Trudeau Promised To Get Fish Farms Out Of The Ocean But Now He’s Backtracking, First Nations Say

“They’re just putting new laces on those old shoes.”

Source: Canva

By Rochelle Baker, The Local Journalism Initiative, National Observer

First Nations fighting to get salmon farms out of the ocean are dismayed in the wake of federal Fisheries Minister Joyce Murray’s recent engagement tour on a plan to transition open-net pen operations in B.C.

Murray spent much of last week visiting Vancouver Island aquaculture operations and meeting with First Nations, industry operators, wild salmon conservation groups and coastal community leaders in Campbell River and Port Hardy.

The federal Liberals’ 2019 election platform promised “to develop a responsible plan to transition from open-net pen salmon farming in coastal waters to closed containment systems by 2025,” which sent the salmon farming industry into a flap. Murray’s subsequent mandate from Prime Minister Justin Trudeau is much the same, minus the reference to closed containment systems.

Source: Canva

And after the minister’s visit, First Nations critical of salmon farms are convinced that what’s in the works is a watered-down version of Ottawa’s promise.

Rather than removing open-net pens by 2025, the minister is now talking about progressively minimizing interactions between farmed and wild fish, incentivizing innovations in aquaculture technology, tougher regulations for fish farm licences, and ensuring that area-based operations have First Nations partners.

The BC Salmon Farmers Association said the aquaculture sector is “heartened” after its round of meetings with Murray.

Operators are pleased Murray expressed interest in co-developing a transition plan, said Ruth Salmon, BCSFA interim executive director, in a statement.

A suite of tools and options are necessary to meet the needs of diverse marine ecosystems and the priorities of partner First Nations in whose territories they operate, Salmon said.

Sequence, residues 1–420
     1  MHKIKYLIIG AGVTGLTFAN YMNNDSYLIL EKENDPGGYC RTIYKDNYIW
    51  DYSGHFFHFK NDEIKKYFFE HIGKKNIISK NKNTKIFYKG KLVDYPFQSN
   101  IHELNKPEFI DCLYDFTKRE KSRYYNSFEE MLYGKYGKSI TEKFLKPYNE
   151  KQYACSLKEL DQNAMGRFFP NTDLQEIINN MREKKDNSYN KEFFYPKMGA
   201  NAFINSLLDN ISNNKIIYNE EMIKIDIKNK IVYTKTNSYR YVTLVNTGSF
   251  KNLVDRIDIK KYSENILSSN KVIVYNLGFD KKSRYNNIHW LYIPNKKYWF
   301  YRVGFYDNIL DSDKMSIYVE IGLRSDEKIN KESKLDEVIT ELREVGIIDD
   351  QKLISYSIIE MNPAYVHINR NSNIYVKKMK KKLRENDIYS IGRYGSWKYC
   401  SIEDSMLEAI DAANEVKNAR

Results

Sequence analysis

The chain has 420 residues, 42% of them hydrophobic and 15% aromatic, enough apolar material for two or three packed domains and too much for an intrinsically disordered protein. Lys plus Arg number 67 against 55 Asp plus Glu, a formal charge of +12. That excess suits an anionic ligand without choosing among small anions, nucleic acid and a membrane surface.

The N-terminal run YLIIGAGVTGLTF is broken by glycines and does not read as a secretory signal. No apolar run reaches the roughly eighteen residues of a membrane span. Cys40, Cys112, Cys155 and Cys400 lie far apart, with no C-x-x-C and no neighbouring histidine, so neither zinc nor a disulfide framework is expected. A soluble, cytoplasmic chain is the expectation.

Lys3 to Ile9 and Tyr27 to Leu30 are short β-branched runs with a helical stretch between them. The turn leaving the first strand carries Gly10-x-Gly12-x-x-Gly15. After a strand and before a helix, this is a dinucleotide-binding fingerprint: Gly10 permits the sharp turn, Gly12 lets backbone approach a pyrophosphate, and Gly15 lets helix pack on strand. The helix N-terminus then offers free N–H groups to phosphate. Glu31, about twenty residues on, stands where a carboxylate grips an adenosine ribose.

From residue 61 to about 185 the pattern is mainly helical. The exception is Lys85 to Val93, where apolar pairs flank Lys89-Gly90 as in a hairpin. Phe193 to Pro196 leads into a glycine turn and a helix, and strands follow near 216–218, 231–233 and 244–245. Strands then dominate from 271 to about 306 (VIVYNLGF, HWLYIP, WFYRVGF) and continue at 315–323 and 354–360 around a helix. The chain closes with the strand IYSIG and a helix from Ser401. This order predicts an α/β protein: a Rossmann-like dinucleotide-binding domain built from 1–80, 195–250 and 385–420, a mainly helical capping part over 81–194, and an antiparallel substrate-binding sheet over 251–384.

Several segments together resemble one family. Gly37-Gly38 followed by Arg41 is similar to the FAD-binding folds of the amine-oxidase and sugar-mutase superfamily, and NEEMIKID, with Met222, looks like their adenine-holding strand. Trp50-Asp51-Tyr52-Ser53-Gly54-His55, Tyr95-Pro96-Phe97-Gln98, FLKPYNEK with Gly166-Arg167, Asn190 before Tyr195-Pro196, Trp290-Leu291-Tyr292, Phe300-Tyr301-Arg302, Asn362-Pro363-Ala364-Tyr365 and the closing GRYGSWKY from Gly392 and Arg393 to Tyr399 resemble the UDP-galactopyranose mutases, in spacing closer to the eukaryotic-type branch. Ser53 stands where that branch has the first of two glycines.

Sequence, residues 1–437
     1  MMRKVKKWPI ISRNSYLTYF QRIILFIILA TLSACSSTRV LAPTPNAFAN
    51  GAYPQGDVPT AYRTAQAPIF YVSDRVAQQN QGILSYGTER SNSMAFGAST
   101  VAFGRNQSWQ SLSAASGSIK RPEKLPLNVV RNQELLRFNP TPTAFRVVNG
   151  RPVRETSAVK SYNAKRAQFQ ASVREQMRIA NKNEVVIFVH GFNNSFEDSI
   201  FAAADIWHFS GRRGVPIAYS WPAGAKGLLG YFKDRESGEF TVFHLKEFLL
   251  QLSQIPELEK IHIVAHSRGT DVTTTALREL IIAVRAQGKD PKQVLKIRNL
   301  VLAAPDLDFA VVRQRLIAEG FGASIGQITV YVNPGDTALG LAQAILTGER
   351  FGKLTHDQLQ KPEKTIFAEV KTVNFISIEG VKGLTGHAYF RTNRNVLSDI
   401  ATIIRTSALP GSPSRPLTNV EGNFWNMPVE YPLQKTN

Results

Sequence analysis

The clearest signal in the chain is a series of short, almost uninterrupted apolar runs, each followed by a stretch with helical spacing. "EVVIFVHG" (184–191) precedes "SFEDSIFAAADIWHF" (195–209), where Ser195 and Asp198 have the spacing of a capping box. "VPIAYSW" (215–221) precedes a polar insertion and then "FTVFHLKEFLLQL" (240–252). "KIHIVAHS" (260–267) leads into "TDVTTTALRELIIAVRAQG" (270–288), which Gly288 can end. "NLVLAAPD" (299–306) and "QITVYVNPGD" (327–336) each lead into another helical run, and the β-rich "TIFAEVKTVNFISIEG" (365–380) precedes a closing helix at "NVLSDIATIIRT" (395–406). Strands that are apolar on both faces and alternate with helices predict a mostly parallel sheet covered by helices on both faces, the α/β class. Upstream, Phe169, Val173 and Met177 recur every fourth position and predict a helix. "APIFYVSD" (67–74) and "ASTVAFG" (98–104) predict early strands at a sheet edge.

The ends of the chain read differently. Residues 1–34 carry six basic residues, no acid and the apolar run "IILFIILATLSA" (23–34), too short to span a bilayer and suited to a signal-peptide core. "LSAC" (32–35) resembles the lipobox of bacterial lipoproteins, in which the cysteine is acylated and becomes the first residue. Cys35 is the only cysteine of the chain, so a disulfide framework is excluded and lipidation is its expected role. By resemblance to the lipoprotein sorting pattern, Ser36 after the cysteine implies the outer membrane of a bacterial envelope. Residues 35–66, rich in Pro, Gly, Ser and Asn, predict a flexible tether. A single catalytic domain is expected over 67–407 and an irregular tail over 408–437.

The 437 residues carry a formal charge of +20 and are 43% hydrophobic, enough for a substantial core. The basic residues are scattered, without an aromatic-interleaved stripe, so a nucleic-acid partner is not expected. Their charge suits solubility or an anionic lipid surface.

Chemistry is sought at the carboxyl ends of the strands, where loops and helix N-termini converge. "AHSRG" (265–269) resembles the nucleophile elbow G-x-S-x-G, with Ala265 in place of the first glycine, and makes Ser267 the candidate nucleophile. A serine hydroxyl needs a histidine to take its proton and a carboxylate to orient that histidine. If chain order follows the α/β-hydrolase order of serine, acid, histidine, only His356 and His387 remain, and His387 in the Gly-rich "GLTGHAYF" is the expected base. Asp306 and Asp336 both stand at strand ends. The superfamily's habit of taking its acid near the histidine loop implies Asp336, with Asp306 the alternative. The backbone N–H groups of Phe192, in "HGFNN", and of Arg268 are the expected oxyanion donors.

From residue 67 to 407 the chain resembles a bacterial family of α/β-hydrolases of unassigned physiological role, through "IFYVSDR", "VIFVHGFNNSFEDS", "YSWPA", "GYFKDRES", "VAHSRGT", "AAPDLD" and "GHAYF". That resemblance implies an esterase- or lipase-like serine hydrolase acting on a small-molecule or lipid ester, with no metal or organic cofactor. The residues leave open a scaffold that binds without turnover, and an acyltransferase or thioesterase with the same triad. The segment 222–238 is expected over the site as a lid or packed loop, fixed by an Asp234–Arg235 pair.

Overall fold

First Nations that want open-net pens out of the ocean feel the engagement process is flawed, and feel open-net pens aren’t going anywhere inside the next three years, said Bob Chamberlin, chair of the First Nations Wild Salmon Alliance.

“It’s simply a ‘go with the status quo.’ They’re just putting new laces on those old shoes,” said Chamberlin, who met with Murray along with chiefs from the K’omoks and Homalco First Nations, both opposed to open-net fish farms.

Source: Canva

The intention of the meetings was to get input from a wide range of people, Murray told Canada’s National Observer after her tour.

It also provided the opportunity to clear up misunderstandings about the open-net pen transition process, she said.

She is aiming to develop “a pathway for existing aquaculture operations to adopt alternative production methods,” Murray said.

“So they can actually accomplish the goal of progressively minimizing or eliminating interaction between farmed salmon and the wild salmon.”

The goal is to have the transition plan in place next year and a new licensing regime devised by June 2024, said Murray. She did not give a final deadline for the process.

“I think there was some misunderstanding that there would be sort of a dramatic change in just a very, very short time,” she said.

Photo of salmon farm. Source: Clayoquot Action

ent production methods aren’t part of her mandate, Murray added, saying devising new farming methods would rely on the industry’s creativity and investment in emerging technology.

Large-scale aquaculture operators in B.C. have dismissed closed containment technology, arguing it isn’t advanced enough, requires a bigger energy footprint and is less profitable.

Instead, the sector is championing emerging semi-closed ocean systems — aimed at reducing sea lice and physical interactions between farmed and wild salmon. Or growing salmon longer in their land-based hatcheries before transferring them to open-net pens in the ocean.

Semi-closed systems, also in the development phase, are still semi-open, and do little to prevent waste, chemicals and diseases from impacting wild salmon, Chamberlin said.

Murray said all First Nations she met with in the region made clear they wanted a greater stewardship role and involvement in decisions around salmon farming in their waters.

Source: Canva

“There were some First Nations that were clear about how important the industry has been to them in terms of jobs,” she added.

But Murray also needs to respect the aboriginal rights of the 100-plus First Nations in B.C. that rely on wild salmon and Ottawa needs to do what it promised, Chamberlain said.

“What about the value of food fish to all the nations in the Interior of British Columbia?” Chamberlain asked. “Because that has to weigh into the decision.”

Fisheries and Oceans Canada wrapped up public online feedback on the transition plan on Oct. 27.

This story by Rochelle Baker was originally published in Canada’s National Observer. It is republished under Creative Commons Licence according to the government-funded Local Journalism Initiative.

Written by The Skeena

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